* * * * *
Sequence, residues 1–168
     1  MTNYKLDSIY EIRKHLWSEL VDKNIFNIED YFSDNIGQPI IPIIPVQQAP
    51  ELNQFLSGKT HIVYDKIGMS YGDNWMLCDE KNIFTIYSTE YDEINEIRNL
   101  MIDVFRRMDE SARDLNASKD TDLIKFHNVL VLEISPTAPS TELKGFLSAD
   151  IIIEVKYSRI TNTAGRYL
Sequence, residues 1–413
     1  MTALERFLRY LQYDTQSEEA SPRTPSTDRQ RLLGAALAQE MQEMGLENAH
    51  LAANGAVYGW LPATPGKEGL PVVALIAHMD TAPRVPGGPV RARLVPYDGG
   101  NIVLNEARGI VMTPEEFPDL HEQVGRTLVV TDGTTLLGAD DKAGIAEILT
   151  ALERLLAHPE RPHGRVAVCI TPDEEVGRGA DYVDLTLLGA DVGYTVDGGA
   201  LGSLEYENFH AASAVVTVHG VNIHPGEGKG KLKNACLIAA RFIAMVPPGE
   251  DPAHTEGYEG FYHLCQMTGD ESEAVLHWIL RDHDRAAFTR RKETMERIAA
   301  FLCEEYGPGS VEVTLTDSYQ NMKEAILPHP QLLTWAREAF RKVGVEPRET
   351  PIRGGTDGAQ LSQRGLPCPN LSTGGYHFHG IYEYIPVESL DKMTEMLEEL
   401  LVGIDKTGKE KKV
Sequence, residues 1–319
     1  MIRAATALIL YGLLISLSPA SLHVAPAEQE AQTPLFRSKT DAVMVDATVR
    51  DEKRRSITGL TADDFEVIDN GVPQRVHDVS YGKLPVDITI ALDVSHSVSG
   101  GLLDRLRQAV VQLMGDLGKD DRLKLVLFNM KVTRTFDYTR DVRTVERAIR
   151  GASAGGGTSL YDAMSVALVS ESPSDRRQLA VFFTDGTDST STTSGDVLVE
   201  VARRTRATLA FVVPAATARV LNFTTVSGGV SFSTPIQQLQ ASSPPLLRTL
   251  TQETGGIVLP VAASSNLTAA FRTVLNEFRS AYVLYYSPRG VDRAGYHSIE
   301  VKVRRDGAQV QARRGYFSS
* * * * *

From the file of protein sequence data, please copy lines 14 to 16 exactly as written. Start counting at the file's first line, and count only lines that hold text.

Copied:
   351  PIRGGTDGAQ LSQRGLPCPN LSTGGYHFHG IYEYIPVESL DKMTEMLEEL
   401  LVGIDKTGKE KKV
Sequence, residues 1–319